[Mono-dev] idea summary: Swing in Mono?...
cr88192 at hotmail.com
Sun Feb 8 16:25:04 EST 2009
----- Original Message -----
From: "Chris Toshok" <toshok at gmail.com>
To: "Stefanos A." <stapostol at gmail.com>
Cc: "BGB" <cr88192 at hotmail.com>; "Michael Hutchinson"
<m.j.hutchinson at gmail.com>; <mono-devel-list at lists.ximian.com>
Sent: Monday, February 09, 2009 6:06 AM
Subject: Re: [Mono-dev] idea summary: Swing in Mono?...
> Yeah, I really don't understand the aim of this thread. It seems you
> are trying to decide how to write a cross VM (of which you are
> *writing* a jvm and CIL vm?), cross platform, cross ui framework. Or
> at least that's what I've understood, anyway. Perhaps being a little
> more specific about things with us would help us understand exactly
> where you're going.
well, I have my "main project", which is basically around 300-400 kloc or so
of misc code (a lot of 3D stuff, ...).
and, my VM effort, which is about 250 kloc.
now, my VM is a VM or sorts, but has a very different architecture from
the partial reason is that my VM (subproject) started off originally as a
script VM, which was then transformed into a dynamic C compiler, and which
then has had ever more functionality added on...
so, C code was compiled at runtime, and over time I added GC, dynamic typing
support, an object system, ... the C remained, but all this additional stuff
became APIs. internally, the C compiler produces code fairly similar to what
might come out of GCC or similar, and at one point, I was benchmarking them
and getting similar performance (although GCC had a clear speed advantage
for floating-point scalar code, ...).
most of the code is implemented in a more-or-less modular fashion (the idea
of one area of code messing with or depending on structs/data/code/...
belonging elsewhere is just distasteful...). and, more so, most APIs have a
more or less defined API (many of which have been influenced in terms of
design and conventions by the likes of OpenGL and POSIX, namely, the empasis
being on abstraction).
performance is also a concern, but as I see it not even performance should
allow violation of modularity (although it may allow designing the API to
allow as much performance as is reasonable).
the compiler in general has components similar to those of a traditional
compiler, and is more or less divided into independent modules along these
lines. for example, my upper compiler produces an IR (I call RPNIL, and it
sort of resembles Forth or PostScript hybridized with COBOL...), then my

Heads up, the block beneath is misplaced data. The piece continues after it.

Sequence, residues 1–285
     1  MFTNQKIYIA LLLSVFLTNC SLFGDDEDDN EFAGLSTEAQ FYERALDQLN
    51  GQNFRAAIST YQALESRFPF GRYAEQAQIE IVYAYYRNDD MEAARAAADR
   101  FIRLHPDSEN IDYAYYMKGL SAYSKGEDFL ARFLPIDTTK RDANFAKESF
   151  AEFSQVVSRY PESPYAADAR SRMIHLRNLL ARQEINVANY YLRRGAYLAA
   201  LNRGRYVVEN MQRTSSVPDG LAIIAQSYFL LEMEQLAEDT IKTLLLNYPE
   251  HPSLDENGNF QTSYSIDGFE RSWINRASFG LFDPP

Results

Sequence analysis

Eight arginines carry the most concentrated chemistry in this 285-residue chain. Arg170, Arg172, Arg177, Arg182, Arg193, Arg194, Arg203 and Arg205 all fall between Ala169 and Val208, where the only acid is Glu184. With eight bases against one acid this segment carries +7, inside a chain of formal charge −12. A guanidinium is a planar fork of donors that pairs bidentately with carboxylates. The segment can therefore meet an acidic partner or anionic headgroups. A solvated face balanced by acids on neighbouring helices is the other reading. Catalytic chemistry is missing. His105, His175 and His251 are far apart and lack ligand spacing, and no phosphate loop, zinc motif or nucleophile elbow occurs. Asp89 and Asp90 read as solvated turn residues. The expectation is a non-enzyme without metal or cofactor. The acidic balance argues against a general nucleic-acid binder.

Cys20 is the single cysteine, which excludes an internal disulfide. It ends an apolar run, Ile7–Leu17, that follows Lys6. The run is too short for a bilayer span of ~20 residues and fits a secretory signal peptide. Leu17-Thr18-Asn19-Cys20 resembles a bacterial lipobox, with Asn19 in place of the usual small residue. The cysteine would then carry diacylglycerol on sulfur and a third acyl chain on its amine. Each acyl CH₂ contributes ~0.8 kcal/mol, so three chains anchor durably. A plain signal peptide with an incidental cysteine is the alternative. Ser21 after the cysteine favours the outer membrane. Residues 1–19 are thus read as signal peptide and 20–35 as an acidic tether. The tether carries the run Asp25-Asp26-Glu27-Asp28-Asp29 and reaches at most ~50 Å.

middle compiler produces ASM (in an NASM/Intel style syntax), and my
assembler produces objects, and my linker links them (actually, the
assembler and linker share the same library, and are not completely isolated
in terms of their internals).
the frontend of the compiler then orchestrates the process by sending input
into one component, then taking the output from that component and feeding
it into the next, ...
the core of the C compiler remains, but is being gradually reworked so that
it can handle JIT for both JBC and CIL (along with most of the rest of the
framework). granted, both JBC and CIL are fairly similar at this level, but
are a good deal different than what is needed for C.
note that I decided to actually integrate most of the extended functionality
directly into the existing compiler machinery, rather than more-or-less
translating the JBC into something like if the code were written in C (AKA:
bunches of hackery and API calls), because if the compiler supports all this
natively this is cleaner and allows better performance.
so, going forwards, I more or less just implemented a JVM on top of all this
(as another module), but currently it is not yet complete: it does not
handle exceptions and the JIT is not complete, but it does have an
CIL will likely come later than JBC, mostly because JBC is the one requiring
less implementation work, and most of what would go into making JBC work
would be easily adaptable to CIL.
note that the compiler machinery does not directly accept JBC (or later,
CIL) output, nor does it directly accept the specifics of these formats,
more the JIT process (owned by the mini-VM) converts the JBC or CIL into my
compilers' IR, which then goes through all the machinery as before (so, the
internal changes to the compiler are more in terms of adding capabilities to
now, elsewhere in the project, there is a bunch of 3D stuff, and this is
what I use the compiler framework mostly as a big elaborate scripting
now, as I see it, a GUI framework runs on top of a VM, and stuff running on
top of a VM should not depend on the internals of the VM on which it runs
but, as is, I have some GUI code, but it is written in C, and is part of the
3D engine's GL-related utility functions.
I lumped together all the basic drawing stuff (text rendering, GUI,
image/texture loading/saving, ...) into a single library.
then, most of the purely 3D-engine specific stuff (model rendering, 3D
animation, scene graph, ...) into another library.
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